Security Watch

As the Black Screen of Death Turns

Plus: Patch Tuesday fixes IE zero-day flaw; third party takes up XP's cause.

The IT community has seen many soap opera-type feuds. The most recent example? The episode involving Microsoft, Prevx and the so-called "black screen of death."

I reported last week of Prevx's assertion that Microsoft's November patches had been causing, in some instances, a black screen. I pointed out that Prevx was offering a fix for the problem -- indeed, that the company was claiming to be the only one with a fix for a problem that it alone had discovered. Microsoft hadn't yet responded at the time.

Well, Microsoft did eventually respond, saying emphatically that it wasn't aware of any black screens. Microsoft further said that if there were such black screens, they weren't widespread, nor were they caused by installing the November patches.

So it goes. Vendors will continue to make assertions against Microsoft that Microsoft will then refute, correct or both. There may even be blog battles, like the one between Microsoft and Sophos, who've been at odds for years.

Some may put it down to vendors behaving badly or tech writers engaging in he-said-she-said reporting. But if, as is the case here, the problem remains an unpatched mystery, the real losers are the users. This is something third-party vendors should recognize and Microsoft should address.

For now, though, it looks like the "black screen of death" has morphed into the "black screen of breadth," in the sense that the breadth of the controversy has spread across the Web faster than a solution.

Microsoft: Zero-Day Flaw Will Be Patched this Month
While the black screen won't be patched in December's Patch Tuesday slate, there will be an update fix for a zero-day vulnerability in Internet Explorer as part of a cumulative hotfix.

Since last week, Redmond has gone out of its way to say that the newly released IE 8 is not affected on any platform, and that "running Protected Mode in Internet Explorer 7 on Windows Vista mitigates this issue." This is according to Jerry Bryant, a spokesman for the Microsoft Security Response Center (MSRC), who first announced the advisory just before Thanksgiving.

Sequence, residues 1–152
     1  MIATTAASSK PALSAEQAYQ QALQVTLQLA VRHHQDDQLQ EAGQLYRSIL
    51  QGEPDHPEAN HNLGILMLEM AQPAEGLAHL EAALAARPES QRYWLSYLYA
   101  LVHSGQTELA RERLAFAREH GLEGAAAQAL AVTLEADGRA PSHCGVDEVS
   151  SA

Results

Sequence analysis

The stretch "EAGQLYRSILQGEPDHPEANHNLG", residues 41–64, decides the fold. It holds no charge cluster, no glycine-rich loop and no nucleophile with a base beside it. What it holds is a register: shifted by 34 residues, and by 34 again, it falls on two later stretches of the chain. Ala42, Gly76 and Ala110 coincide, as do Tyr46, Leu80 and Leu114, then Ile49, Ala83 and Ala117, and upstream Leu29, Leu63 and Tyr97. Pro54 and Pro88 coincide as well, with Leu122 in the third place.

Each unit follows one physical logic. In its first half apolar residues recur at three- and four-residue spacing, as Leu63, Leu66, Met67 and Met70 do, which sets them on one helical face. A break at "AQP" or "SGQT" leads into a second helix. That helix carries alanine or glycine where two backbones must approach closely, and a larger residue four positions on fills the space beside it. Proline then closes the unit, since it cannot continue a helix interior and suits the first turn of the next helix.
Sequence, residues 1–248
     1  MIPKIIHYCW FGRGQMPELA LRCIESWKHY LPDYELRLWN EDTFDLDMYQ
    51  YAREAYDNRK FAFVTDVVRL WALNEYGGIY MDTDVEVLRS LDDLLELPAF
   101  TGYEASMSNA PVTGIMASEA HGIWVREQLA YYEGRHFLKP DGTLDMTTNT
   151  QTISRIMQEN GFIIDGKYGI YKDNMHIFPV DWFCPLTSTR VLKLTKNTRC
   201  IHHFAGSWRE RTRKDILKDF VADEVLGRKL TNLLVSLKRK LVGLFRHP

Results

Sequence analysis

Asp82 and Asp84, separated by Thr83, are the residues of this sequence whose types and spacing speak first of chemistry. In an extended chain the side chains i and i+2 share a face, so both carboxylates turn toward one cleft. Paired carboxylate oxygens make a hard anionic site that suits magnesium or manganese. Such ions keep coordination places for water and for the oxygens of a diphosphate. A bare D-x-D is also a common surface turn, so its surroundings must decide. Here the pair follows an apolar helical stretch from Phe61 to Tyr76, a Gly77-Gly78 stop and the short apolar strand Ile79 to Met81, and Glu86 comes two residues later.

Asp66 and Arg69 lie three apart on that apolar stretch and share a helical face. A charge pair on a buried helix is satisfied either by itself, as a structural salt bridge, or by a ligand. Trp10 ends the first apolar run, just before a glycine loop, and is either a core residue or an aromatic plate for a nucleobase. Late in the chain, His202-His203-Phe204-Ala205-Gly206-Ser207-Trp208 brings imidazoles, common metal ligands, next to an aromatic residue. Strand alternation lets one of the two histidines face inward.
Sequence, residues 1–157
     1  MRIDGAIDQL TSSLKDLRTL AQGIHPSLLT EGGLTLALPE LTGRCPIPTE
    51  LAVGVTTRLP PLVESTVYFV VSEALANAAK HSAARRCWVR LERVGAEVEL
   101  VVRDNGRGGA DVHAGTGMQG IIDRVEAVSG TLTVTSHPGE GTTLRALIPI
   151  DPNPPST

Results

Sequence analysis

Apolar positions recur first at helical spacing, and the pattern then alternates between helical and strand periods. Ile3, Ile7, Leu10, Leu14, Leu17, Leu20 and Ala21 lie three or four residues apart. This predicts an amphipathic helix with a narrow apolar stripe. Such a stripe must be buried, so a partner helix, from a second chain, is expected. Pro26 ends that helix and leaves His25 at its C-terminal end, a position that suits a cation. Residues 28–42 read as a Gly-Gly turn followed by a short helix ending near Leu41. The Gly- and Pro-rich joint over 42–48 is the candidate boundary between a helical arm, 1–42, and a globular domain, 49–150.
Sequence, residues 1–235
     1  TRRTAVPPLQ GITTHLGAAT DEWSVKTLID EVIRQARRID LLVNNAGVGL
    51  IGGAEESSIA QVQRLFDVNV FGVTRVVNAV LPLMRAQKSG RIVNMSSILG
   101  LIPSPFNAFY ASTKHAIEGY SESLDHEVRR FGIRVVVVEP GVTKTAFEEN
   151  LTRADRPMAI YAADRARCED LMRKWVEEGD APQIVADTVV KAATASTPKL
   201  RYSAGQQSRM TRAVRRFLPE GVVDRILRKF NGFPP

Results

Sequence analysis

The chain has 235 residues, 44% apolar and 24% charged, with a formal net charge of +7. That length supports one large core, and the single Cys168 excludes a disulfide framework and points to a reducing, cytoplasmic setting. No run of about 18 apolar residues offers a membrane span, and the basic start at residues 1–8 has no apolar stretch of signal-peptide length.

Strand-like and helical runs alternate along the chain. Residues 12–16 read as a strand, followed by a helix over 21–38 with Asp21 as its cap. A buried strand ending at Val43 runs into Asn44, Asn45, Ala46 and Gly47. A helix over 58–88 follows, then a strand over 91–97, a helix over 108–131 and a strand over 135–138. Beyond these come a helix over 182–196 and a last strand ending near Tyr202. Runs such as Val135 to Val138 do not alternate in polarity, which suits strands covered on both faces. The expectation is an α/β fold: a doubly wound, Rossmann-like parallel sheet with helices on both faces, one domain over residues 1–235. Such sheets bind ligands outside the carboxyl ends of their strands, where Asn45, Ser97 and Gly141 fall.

Meanwhile, there are more proofs-of-concept in the offing, such as a recently announced TLS flaw that, according to Lumension's Don Leatham, will most likely force updates to all brands of browsers and all Internet servers using SSL/TLS.

Leatham, who is Lumension's senior director of solutions and strategy, said the flaw allows attackers to inject text into encrypted traffic.

"Although we'll have to wait until Patch Tuesday for confirmation, we are led to believe that Microsoft has chosen not to address this vulnerability in this round of patches," Leatham said. "There is controversy in the security community as to the true importance of speeding a fix to market for this flaw, and no widespread exploits have been reported."

Third Party Takes Up XP's Cause
We've seen this before: Microsoft takes a new strategic direction, but enterprise adoption lags by several months or even years, leaving room for channel partners, resellers and security vendors to fill the gap.

Case in point: Microsoft has announced that the end of Windows XP SP2 support is coming less than seven months from now, despite the fact that XP is still the most pervasive OS among enterprises and Windows consumers.

So security vendor Shavlik Technologies has decided to cash in, providing its own support for XP through the release of a comprehensive patch management solution for XP Embedded (XPe) devices.

XPe devices are commonly used in hundreds of applications. The devices use a stripped-down version of XP on a thin client, like a kiosk or point-of-sale device. Many of the services and components found in the full version of XP are disabled or unavailable.

Shavlik said its solution will secure XPe devices against viruses, worms and hackers -- and it certainly sounds like they need it.

"The number of XPe devices used by consumers and individuals every single day that may have never been patched is staggering," said Nancee Melby, Shavlik's director of product marketing, in a statement. "Shavlik's agentless approach eliminates the obstacles to patching Windows XPe devices and leaves no footprint other than the patches themselves."

About the Author

Jabulani Leffall is an award-winning journalist whose work has appeared in the Financial Times of London, Investor's Business Daily, The Economist and CFO Magazine, among others.


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